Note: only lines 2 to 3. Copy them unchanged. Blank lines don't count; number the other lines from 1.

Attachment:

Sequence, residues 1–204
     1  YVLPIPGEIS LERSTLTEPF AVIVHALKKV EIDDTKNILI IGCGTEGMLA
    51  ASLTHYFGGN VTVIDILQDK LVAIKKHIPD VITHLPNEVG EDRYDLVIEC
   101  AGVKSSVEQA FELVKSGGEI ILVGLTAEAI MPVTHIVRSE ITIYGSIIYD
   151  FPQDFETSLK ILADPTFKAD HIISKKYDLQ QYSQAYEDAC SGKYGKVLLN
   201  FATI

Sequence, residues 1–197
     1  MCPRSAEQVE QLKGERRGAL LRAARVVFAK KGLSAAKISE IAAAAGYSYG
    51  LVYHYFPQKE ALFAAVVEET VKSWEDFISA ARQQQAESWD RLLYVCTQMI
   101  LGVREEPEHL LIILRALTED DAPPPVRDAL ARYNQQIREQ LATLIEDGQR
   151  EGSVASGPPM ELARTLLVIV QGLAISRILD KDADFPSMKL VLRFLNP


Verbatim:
     1  YVLPIPGEIS LERSTLTEPF AVIVHALKKV EIDDTKNILI IGCGTEGMLA
    51  ASLTHYFGGN VTVIDILQDK LVAIKKHIPD VITHLPNEVG EDRYDLVIEC